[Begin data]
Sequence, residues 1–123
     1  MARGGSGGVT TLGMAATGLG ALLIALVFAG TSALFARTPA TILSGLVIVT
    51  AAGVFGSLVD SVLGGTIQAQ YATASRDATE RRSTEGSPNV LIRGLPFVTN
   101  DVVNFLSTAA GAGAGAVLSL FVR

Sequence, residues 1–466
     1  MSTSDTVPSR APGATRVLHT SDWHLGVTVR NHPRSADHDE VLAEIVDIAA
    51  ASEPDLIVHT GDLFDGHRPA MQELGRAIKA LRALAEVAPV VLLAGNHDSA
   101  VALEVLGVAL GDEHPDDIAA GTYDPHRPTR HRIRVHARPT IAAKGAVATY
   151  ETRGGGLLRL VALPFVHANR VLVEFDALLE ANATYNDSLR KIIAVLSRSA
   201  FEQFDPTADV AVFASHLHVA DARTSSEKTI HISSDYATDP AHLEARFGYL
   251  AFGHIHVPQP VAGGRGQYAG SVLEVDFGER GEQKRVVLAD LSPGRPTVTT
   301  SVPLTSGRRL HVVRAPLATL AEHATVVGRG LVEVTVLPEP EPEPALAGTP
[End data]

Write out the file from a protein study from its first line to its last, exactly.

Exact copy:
Sequence, residues 1–123
     1  MARGGSGGVT TLGMAATGLG ALLIALVFAG TSALFARTPA TILSGLVIVT
    51  AAGVFGSLVD SVLGGTIQAQ YATASRDATE RRSTEGSPNV LIRGLPFVTN
   101  DVVNFLSTAA GAGAGAVLSL FVR

Sequence, residues 1–466
     1  MSTSDTVPSR APGATRVLHT SDWHLGVTVR NHPRSADHDE VLAEIVDIAA
    51  ASEPDLIVHT GDLFDGHRPA MQELGRAIKA LRALAEVAPV VLLAGNHDSA
   101  VALEVLGVAL GDEHPDDIAA GTYDPHRPTR HRIRVHARPT IAAKGAVATY
   151  ETRGGGLLRL VALPFVHANR VLVEFDALLE ANATYNDSLR KIIAVLSRSA
   201  FEQFDPTADV AVFASHLHVA DARTSSEKTI HISSDYATDP AHLEARFGYL
   251  AFGHIHVPQP VAGGRGQYAG SVLEVDFGER GEQKRVVLAD LSPGRPTVTT
   301  SVPLTSGRRL HVVRAPLATL AEHATVVGRG LVEVTVLPEP EPEPALAGTP